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Babies Make Families

They don't just add to them. They strengthen our relationships with our own spouses and parents and siblings.
Parents baby

“Diamonds make babies,” croons American country artist Dierks Bentley in his latest radio single. “And babies make mamas.” If I could take it from here, Dierks, I’ll raise you one more: babies make families. 

Babies and their effects upon families are something of a paradox. While they surely test the bonds of marriage, they can also strengthen the connections between spouses. And it doesn’t stop there: in reflecting on the first year of my son’s life, I’ve realized that he not only strengthened the bond between my husband and me, but those between us and our extended family members, too.

I look at my son’s cousins and I see his features in their faces. I’m reminded of the shared blood that flows through their veins, which makes me love them with a renewed, maternal fierceness, and which makes me feel even more of a sisterly affection for their mother—my sister-in-law—because of the shared blood between our children.

Perhaps most surprisingly, my relationship with my sister—which admittedly was never very strong in our youths—has experienced an unexpected revival and flourishing, which has been a great source of joy in my life. The tenderness that my “gentle giant” of a brother exhibits towards my son has also led to a renewal of our relationship, and we communicate now more than ever before. It is not lost on me that this beautiful rekindling and strengthening of my relationships with my siblings and siblings-in-law is principally due to the existence of my son, and the love I’ve always had for them is only deeper now that I also see them as his treasured aunts and uncles.

Watching my parents and my mother- and father-in-law as grandparents has also been a great joy. The delight they take in my son, and the love and care with which they treat him, has given me a unique insight into both my and my husband’s childhood. Now that I am a parent, I appreciate even more all of the joy and sacrifice my parents and in-laws poured into raising my siblings, husband, and me over the years; this has created a new camaraderie in the bonds between us that has deepened our relationships with one another. I feel an even greater investment in their health and well-being, both for their own sakes and for the sake of them as my son’s grandparents.   

Knowing the importance of healthy, intact marriages and their impacts on the upbringing, development, and future success of children, I am even more deeply invested in the health and well-being of my parents’ and siblings’ marriages and relationships with significant others. I cared about these things before my son, too, but my interest intensified after Gabriel’s birth because I want him to grow up surrounded by wonderful examples of healthy, intact relationships, and I want my nieces and nephews—for whom I feel a newfound parental affection—to reap those benefits as well.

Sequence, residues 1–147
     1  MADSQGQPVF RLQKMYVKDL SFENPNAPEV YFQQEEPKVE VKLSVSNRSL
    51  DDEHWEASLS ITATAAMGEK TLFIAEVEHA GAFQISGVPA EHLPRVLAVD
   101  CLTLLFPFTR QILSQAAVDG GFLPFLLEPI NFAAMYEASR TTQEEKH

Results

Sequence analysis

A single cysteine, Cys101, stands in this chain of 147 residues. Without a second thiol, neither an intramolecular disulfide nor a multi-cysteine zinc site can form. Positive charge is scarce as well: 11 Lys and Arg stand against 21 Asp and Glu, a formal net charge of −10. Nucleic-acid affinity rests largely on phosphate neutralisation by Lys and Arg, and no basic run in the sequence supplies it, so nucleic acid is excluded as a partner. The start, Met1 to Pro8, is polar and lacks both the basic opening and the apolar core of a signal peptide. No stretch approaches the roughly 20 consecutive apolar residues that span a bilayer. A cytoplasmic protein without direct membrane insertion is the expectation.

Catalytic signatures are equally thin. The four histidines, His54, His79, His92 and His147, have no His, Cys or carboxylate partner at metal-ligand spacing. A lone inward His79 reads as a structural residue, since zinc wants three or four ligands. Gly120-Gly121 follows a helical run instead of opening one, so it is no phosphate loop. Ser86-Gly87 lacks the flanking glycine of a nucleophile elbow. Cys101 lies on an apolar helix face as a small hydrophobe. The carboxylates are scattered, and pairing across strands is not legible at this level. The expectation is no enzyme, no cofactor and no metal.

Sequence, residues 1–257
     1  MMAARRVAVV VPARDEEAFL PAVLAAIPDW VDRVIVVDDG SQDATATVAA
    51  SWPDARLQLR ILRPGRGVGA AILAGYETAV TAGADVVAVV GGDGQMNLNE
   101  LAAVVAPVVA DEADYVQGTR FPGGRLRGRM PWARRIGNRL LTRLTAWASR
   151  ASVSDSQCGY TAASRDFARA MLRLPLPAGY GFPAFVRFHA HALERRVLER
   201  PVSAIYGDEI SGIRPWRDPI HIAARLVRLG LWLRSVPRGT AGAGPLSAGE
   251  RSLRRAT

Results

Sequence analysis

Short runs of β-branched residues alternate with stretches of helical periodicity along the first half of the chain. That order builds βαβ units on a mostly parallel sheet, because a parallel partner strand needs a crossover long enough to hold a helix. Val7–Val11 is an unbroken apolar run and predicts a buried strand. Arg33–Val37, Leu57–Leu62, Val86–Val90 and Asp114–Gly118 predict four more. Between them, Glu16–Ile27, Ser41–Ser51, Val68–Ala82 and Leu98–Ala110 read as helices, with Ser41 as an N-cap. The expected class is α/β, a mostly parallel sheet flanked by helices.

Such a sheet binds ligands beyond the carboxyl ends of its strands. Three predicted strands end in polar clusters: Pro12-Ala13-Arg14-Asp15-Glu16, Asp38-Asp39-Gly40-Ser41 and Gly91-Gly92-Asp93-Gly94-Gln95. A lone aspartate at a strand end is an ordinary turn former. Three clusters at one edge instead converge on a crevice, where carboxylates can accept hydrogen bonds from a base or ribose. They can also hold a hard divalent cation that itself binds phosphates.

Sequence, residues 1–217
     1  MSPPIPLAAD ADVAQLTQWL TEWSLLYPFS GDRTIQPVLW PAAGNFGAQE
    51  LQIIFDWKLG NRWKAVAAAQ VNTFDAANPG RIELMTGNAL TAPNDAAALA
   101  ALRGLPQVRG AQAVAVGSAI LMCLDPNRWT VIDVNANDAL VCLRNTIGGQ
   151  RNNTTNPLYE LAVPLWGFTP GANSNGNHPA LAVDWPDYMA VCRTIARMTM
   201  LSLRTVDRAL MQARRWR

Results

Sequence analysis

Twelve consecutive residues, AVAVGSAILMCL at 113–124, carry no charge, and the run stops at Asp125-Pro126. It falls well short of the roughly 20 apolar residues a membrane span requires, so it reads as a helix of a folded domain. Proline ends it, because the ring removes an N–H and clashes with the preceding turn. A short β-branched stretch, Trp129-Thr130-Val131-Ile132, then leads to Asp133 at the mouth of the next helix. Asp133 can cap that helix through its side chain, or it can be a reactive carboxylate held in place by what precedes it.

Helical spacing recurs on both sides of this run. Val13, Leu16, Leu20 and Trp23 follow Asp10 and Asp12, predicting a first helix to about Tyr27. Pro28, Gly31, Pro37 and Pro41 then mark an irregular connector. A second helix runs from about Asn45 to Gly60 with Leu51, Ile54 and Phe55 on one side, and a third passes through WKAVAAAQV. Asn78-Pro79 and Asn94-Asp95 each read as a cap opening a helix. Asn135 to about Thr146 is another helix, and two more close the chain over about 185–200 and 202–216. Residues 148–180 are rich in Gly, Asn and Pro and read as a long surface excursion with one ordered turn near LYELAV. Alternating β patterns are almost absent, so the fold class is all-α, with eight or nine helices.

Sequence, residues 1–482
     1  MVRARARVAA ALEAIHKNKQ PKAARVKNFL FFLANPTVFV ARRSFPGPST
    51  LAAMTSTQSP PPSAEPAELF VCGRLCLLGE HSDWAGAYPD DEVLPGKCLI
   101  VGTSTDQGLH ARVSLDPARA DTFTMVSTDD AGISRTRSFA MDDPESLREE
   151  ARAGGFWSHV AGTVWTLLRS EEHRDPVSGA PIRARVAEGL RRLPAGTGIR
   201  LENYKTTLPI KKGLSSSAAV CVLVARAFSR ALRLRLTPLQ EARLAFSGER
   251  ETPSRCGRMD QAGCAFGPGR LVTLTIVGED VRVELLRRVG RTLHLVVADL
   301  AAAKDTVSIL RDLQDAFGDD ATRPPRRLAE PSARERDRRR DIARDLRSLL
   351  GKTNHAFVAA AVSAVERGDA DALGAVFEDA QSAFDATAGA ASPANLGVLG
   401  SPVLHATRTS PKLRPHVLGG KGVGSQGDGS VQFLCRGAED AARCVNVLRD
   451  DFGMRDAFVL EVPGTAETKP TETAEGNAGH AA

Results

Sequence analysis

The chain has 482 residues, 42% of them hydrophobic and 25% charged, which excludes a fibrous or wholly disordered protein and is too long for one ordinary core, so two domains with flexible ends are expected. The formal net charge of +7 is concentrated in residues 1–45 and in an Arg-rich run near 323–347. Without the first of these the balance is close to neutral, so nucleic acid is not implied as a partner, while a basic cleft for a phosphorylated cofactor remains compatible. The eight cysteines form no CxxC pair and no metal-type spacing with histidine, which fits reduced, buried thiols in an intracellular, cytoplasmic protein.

All of this has made me realize the poignant truth behind the late, great St. Pope John Paul II’s words: “As the family goes, so goes the nation, and so goes the whole world in which we live.” It has made the news of falling birth rates across the Western world doubly alarming to me, precisely because I have experienced firsthand the strengthening of familial ties that comes from the birth of child. As we cease to have babies, we will also cease to cement the new social ties that naturally come as a result of growing our families.

It comes as no surprise, then, that childless couples are more likely to divorce than couples with children. And while most of us probably attribute this sad fact to the relative ease of divorce when custody battles are off the table, could it not also be because family members are less invested in one another’s marriages when children are not involved? Certainly I would have been greatly saddened if my sister-in-law’s marriage had dissolved before my son, nieces, and nephew were born; after their births, however, I would have been devastated on behalf of those children, and would have done everything in my power to keep the marriage intact. I believe my sister-in-law would feel the same—and do the same—for me, precisely because our children have bound us and invested us in one another’s lives at such an intimate level.

Yes, children can strain marriages, and no parent among us would say that motherhood and fatherhood are easy tickets to marital bliss. But the commitments and relationships forged by having children can—and should—bind us to one another. As a parent, it is clearer to me now than ever before that babies bring a greater connection between individual members of the same family, and also between different families. After all, who among us parents doesn’t have people in their lives whom they never would have met if not for their children? These stronger connections are the very bedrock of a strong, thriving society, and our leaders would do well to encourage all of us to continue building these foundations, one baby at a time.

Grace Emily Stark holds a M.A. in bioethics and health policy from the Neiswanger Institute for Bioethics at Loyola University Chicago. Her writing has been featured in the Public Discourse, the Linacre Quarterly, The Federalist, The Daily Signal, the National Catholic Register, and Aleteia, among other venues.



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